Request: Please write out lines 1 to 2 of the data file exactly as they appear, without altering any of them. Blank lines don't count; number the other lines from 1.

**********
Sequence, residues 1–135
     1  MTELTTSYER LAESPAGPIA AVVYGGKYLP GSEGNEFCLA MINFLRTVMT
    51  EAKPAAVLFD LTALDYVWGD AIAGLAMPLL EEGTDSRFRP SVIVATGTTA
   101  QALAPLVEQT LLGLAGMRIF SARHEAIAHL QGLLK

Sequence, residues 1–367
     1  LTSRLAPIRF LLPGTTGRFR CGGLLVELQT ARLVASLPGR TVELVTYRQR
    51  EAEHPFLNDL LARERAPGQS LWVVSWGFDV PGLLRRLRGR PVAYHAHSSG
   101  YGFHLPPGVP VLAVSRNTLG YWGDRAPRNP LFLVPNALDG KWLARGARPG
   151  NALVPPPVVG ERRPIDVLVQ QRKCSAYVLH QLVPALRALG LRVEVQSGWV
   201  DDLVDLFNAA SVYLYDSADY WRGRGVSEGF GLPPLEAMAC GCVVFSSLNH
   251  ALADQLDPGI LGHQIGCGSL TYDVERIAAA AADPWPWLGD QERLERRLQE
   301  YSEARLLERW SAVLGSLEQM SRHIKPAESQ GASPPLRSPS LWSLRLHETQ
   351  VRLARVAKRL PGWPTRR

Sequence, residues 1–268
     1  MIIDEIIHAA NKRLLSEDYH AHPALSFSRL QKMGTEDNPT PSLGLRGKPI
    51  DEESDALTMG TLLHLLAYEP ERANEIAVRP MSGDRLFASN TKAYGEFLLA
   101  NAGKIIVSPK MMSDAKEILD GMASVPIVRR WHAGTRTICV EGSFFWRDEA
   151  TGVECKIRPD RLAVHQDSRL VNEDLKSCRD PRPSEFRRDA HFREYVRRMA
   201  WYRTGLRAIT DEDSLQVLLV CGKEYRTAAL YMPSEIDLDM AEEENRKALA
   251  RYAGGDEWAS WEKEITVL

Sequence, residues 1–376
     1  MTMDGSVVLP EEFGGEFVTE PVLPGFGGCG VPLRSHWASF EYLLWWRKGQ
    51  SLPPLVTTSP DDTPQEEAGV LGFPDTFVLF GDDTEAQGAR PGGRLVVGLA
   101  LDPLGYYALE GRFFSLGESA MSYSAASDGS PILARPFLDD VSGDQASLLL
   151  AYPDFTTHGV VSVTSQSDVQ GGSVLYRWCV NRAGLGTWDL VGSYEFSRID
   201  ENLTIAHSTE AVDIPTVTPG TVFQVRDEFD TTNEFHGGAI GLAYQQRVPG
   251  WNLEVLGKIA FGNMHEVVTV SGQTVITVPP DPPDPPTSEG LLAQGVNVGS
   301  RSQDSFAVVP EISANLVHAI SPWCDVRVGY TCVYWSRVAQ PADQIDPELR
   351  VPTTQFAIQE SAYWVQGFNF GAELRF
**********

Sequence, residues 1–135
     1  MTELTTSYER LAESPAGPIA AVVYGGKYLP GSEGNEFCLA MINFLRTVMT